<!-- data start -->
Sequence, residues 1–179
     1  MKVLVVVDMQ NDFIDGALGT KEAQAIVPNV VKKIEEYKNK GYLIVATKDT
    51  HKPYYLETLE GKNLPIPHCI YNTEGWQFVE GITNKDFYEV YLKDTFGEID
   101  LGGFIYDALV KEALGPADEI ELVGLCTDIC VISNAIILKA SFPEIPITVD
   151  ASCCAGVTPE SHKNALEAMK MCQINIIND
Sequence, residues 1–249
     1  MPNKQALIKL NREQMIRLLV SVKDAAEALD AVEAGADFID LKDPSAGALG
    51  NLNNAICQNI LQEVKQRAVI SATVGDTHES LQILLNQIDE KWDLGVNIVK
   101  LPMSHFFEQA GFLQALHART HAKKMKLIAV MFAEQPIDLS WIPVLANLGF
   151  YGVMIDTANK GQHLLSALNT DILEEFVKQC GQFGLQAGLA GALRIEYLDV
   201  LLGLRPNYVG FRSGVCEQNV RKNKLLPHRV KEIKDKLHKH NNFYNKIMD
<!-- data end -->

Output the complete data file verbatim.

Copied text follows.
Sequence, residues 1–179
     1  MKVLVVVDMQ NDFIDGALGT KEAQAIVPNV VKKIEEYKNK GYLIVATKDT
    51  HKPYYLETLE GKNLPIPHCI YNTEGWQFVE GITNKDFYEV YLKDTFGEID
   101  LGGFIYDALV KEALGPADEI ELVGLCTDIC VISNAIILKA SFPEIPITVD
   151  ASCCAGVTPE SHKNALEAMK MCQINIIND
Sequence, residues 1–249
     1  MPNKQALIKL NREQMIRLLV SVKDAAEALD AVEAGADFID LKDPSAGALG
    51  NLNNAICQNI LQEVKQRAVI SATVGDTHES LQILLNQIDE KWDLGVNIVK
   101  LPMSHFFEQA GFLQALHART HAKKMKLIAV MFAEQPIDLS WIPVLANLGF
   151  YGVMIDTANK GQHLLSALNT DILEEFVKQC GQFGLQAGLA GALRIEYLDV
   201  LLGLRPNYVG FRSGVCEQNV RKNKLLPHRV KEIKDKLHKH NNFYNKIMD